KEVIN DOUGHERTY -
Premier Jean Charest named two highly respected academics yesterday to head a study into the reasonable accommodation of the traditions of newcomers to Quebec.
Charles Taylor, a McGill University philosophy professor emeritus, and Gerard Bouchard, a historian, sociologist and brother of former premier Lucien Bouchard, will have one year to prepare their report.
In recent weeks, the adoption of a code of values by the elected council of Herouxville, a tiny community with few, if any, immigrants, has dominated headlines.
The code bans the stoning and burning of women, genital excision, religious head coverings and the carrying of ceremonial knives.
Mario Dumont, leader of the Action democratique du Quebec, is among those who have argued that measures to satisfy newcomers go against the values of mainstream Quebecers.
Charest said after meeting with his caucus yesterday that the debate over reasonable accommodation "is critical for the future of Quebec" - and it has "taken a bad turn."
The 45,000 immigrants whom Quebec welcomes every year have a responsibility to integrate into Quebec society, Charest said.
"These newcomers, like those before them, come to Quebec to share our success, to live freely and to build a new life," the premier said.
"They are welcome. We need what they have to offer Quebec. They come to enrich Quebec with their knowledge and culture."
Charest said some recent decisions touted as reasonable accommodation were the opposite. He cited the frosting of windows at a YMCA to meet the objections of Hasidic men who don't want to see women in form-fitting exercise wear.
The premier also mentioned the practice of using male police officers rather than their female counterparts in dealing with Hasidic men, and the case of a man who was asked to leave a swimming pool so Islamic women could swim.
"Expelling an ambulance driver from the cafeteria of a Jewish hospital is not seeking compromise," Charest said, referring to a driver who was asked to leave the Jewish General Hospital in Montreal because he was eating non-kosher spaghetti in an area that was designated for kosher-food consumption.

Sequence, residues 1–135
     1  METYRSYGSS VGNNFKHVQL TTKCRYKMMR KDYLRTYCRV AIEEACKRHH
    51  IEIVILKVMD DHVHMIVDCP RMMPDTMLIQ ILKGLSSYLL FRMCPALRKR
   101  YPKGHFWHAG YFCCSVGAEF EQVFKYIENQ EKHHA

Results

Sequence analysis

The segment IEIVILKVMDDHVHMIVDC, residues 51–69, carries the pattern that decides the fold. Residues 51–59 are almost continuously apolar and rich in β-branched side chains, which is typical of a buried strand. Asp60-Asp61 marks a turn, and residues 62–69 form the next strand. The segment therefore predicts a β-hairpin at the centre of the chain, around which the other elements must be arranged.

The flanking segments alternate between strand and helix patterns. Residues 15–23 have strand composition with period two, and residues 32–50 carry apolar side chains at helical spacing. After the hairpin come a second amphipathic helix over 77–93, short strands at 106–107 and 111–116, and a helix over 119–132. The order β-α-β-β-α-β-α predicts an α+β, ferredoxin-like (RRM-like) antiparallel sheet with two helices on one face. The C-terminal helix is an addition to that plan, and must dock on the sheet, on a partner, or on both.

"These are not reasonable accommodations," Charest said. "These are arrangements contrary to the values of our nation."
The Societe d'assurance automobile du Quebec had a practice of assigning male employees to give driving tests to Hasidic men. Charest said Immigration Minister Lise Theriault was speaking for the government when she said the practice is contrary to the equality of women and men.
"This is not an acceptable practice," Charest said. "We are an open society."
The premier would not offer examples of what is reasonable accommodation, saying this would be decided "case by case" and that the commission would provide general principles as a guide.
"The Quebec nation has values, solid values, including the equality of women and men; the primacy of French; the separation between the state and religion," Charest said in a prepared statement. "These values are fundamental. They cannot be the object of any accommodation. They cannot be subordinated to any other principle."
Dumont appears to have made gains in at least one opinion poll after denouncing unreasonable accommodations - but Charest suggested the commission was not named to short-circuit his political rival.
"This is not a partisan issue," the premier said, adding that the commission will do its work "in a spirit of respect and dialogue."
Dumont said yesterday the persistence of the ADQ forced Charest to react - but that the premier was treating the issue like a "hot potato."
"When the issue is too hot, he passes it to a commission," Dumont said.
Parti Quebecois leader Andre Boisclair applauded the premier's decision to name the commission, saying he has been calling for months for action to refocus the debate on respect for individuals.
Boisclair added that the equality of women and men, rooted in Quebec's Charter of Rights, is a non-negotiable principle for all Quebecers - "whether they came with Samuel de Champlain or with Transat."
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